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The Student News Site of St. Joseph's University

The Hawk News

The Student News Site of St. Joseph's University

The Hawk News

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Author discusses voter suppression in U.S.

Gilda R. Daniels, J.D., speaking to members of the St. Joe’s community on Oct. 20 PHOTO: KELLY SHANNON ’24/THE HAWK

Gilda R. Daniels, J.D., a voting rights and election law expert, spoke to members of the St. Joe’s community on Oct. 20 about voter suppression and voting rights in the U.S.

Daniels was the first BIPOC and second woman keynote speaker for the Hon. Joseph N. Nardi Symposium on Law and Justice.

Susan Liebell, Ph.D., Dirk Warren ’50 Sesquicentennial Chair and professor of political science, invited Daniels to campus to speak to students and pre-law alumni, and the event was overseen by Kerin Clapp, J.D., from the SJU Law Alumni Endowment.

Daniels is a professor of law at the University of Baltimore, director of litigation for the Advancement Project National Office and author of “Uncounted: The Crisis of Voter Suppression in America.”

Her book addresses the history of voter suppression against communities of col or, primarily the Black community, in the U.S. and how that correlates with under representation in American government.

Daniels said in an interview with The Hawk it is crucial for everyone to understand the reality of voter suppression in the U.S.

“One of the reasons I wrote the book is because I wanted people to be able to open the book and say, ‘I knew something was going on, I didn’t know what it was, now I do, and I know what I can do about it,’” Daniels said. “So I’m hopeful that the book inspires people to act and to recognize the power that we all have that’s certainly underutilized.”

Liebell has taught Daniels’ book in her classes since its release in January 2020.

Liebell said the combination of approaches Daniels uses in “Uncounted” to explain and demonstrate voter suppression is why the book is such an asset in the classroom.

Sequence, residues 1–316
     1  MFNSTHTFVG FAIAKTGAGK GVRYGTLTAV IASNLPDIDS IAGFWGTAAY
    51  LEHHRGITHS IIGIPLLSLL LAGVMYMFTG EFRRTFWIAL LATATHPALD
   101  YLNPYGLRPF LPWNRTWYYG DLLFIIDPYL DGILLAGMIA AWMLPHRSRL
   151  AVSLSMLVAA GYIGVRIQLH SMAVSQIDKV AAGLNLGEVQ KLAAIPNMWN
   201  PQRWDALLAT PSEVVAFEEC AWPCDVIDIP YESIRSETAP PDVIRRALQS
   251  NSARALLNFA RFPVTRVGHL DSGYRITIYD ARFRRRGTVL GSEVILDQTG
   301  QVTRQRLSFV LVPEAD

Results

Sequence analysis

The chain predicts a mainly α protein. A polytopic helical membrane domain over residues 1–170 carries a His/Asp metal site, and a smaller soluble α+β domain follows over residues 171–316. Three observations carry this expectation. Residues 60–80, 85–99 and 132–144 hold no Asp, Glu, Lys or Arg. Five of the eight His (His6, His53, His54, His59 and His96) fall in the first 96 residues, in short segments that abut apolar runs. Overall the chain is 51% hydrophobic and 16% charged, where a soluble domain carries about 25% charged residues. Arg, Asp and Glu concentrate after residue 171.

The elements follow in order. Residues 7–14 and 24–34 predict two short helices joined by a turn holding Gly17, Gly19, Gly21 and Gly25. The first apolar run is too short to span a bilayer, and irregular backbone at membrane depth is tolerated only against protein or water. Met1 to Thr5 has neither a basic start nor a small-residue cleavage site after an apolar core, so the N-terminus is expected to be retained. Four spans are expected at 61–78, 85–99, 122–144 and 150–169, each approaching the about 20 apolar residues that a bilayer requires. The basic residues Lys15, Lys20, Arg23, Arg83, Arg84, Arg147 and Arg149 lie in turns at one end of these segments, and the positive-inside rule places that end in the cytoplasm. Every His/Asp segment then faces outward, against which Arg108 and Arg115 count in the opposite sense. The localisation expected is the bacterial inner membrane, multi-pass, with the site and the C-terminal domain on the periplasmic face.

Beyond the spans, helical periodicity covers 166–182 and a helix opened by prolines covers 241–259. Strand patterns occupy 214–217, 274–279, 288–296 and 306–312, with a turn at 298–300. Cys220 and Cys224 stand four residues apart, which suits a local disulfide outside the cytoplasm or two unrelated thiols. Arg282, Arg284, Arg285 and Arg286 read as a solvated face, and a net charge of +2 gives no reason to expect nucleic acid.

“The method of the book is to combine the personable, the principled and the legal, and sometimes the principled and the legal are really hard to understand,” Liebell said. “She uses her grandmother and these [other] people to explain the principles and explain the legal hurdles; that just seems to reach and impact our students considerably.” 

Damaris Gimenez ’23, a philosophy major and a member of the Law Exploration Advancing Diversity (LEAD) program, which supports students of color interested in law, said she read “Uncounted” in Liebell’s class titled Constitution Law: Rights and Civil Liberties. 

Gimenez said prior to reading the book and coming to Daniels’ discussion, she had a different idea of what voter suppression in the U.S. looked like. 

“Mostly I thought about [voter suppression] as a Civil Rights thing you learned about in history,” Gimenez said. 

But, according to Gimenez, reading “Uncounted” allowed her to understand the current situation of voter suppression in a new way. 

“[Daniels] made voting suppression very easy to understand for the regular civilian,” Gimenez said. “You don’t know all the minute details of how much they’re [legislators] suppressing the vote, but she broke it down in very common language.”

Although she has not read “Uncounted” in Liebell’s class, Daniella Campos ’23, an international relations and public policy double major, helped Liebell produce an episode of her podcast about the book for her program with the New Books Network.

Campos, also a member of the LEAD program, said she was very excited to hear Daniels speak on the reality of voter suppression in the U.S. because voting is crucial for a successful democratic system of government.  

“In you doing your job and voting, you’re ensuring that you are being represented in the best possible way you know how,” Campos said. “Voting is a right you are given that is essential to a democracy––in order to have democracy you need to have fair and free elections.”

At the end of her lecture, Daniels left the audience with four steps to take away from her presentation: educate, legislate, litigate and participate. These steps encouraged the audience to educate themselves on the voting process, learn about government initiatives for voting, partner with voting rights organizations and participate in elections. 

Liebell said having these action steps included in the book and ending the lecture on this note resonated with her.

“I found her [Daniels] personally inspiring, and it was my hope that students would walk away with some of that inspiration.”

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